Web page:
You don’t have to be a Native Instruments programmer to build far-out instruments in Reaktor — you just might need some assistance.

If you’ve got Reaktor but haven’t had the chance to get deep into build your own instruments and effects, CDM forums contributor Peter Dines has some terrific resources for you. These should be particularly useful if you’re interested in building your own sequencers and such, which isn’t fully explained in the Reaktor docs.

Reaktor in Print

First, you should run to your local newsstand and see if you can catch the Aug/Sept issue of the new magazine Virtual Instruments; Peter wrote a great starter tutorial in there on clocks, tables, and sequencing. October’s issue should be out soon, but I still see VI at my local Wall Street Borders. (CDM’s own Lee Sherman also writes for VI.)

You can also buy a download-only subscription, handy not only for our overseas readers but those of us fighting a life-or-death battle with city-devouring stacks of paper magazines. (Some call it a clash of civilizations. I say it’s a battle for civilization.)

Online Tutorials and Files

It’s hard to fit a program the size of Reaktor into a book, let alone a magazine, so the better news is that Peter is continuing to post tips and tutorials online. He’s started up a new Reaktor blogspot blog, so head over there and encourage him. First up: PDF and ensemble on clock and modulo operations and building a sequencer to sync to host. (Get ready for Reaktor running inside Ableton Live, for some true computer music bliss.)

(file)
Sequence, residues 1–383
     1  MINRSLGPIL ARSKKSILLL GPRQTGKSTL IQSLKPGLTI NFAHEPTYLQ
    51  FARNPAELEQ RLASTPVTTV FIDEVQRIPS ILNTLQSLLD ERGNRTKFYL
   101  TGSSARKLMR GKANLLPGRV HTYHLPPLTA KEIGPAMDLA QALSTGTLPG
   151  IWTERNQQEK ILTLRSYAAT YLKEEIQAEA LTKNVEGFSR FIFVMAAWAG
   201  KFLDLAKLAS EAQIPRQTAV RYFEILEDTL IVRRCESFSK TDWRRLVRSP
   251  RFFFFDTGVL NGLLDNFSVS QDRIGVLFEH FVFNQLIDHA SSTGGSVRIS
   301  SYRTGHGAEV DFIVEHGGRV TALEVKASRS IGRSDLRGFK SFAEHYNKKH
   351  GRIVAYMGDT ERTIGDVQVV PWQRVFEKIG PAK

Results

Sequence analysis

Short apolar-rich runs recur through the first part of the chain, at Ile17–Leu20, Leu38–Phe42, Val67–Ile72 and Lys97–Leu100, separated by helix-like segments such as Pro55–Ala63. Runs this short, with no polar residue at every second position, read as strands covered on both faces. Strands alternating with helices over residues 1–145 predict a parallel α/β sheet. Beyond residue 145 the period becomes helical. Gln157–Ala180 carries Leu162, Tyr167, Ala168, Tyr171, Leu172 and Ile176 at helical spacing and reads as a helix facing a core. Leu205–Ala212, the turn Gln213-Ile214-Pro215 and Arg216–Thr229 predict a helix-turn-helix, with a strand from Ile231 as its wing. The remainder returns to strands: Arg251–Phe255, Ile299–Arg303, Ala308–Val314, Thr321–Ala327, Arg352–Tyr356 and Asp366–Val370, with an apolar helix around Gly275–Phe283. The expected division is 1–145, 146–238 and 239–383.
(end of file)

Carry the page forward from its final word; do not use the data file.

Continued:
You can’t make music with this example, but you can learn something about Reaktor clocks for building your own custom sequencers and sequenced instruments/effects.

Peter says:

I was going to work some of this into the first chapter of a book – I still might – but decided I want to have this info freely available. That way people who want to write tutorials or instructional material on Reaktor don’t have to keep reinventing the wheel to teach the basics.

Comments and questions are welcome. If you already know this stuff, keep an eye out anyways because I’m writing some more advanced tutorials and will be posting them in the coming weeks.

The tutorial is written with the expectation that the user will have at least some nodding acquaintance with the program, has done the very simple build-a-synth tutorial in the manual, and has already configured his audio out and so forth.

There hasn’t been a book on Reaktor since Len Sasso’s reaktor 3 book, which was good but is now clearly well outdated. I hope ebooks and online information will fill the gap, because they’re more easily updated and better-suited to marketing to the niche audience of Reaktor users. Stay tuned.

More discussion on learning Reaktor with Peter and others on the forums:
Head count – Reaktor users?

And, as pictured at top, Peter offers another ensemble via the NI forums:
Phun with polyphony

… offering a different take on polyphonic synths using separate channels for data.

Thanks, Peter!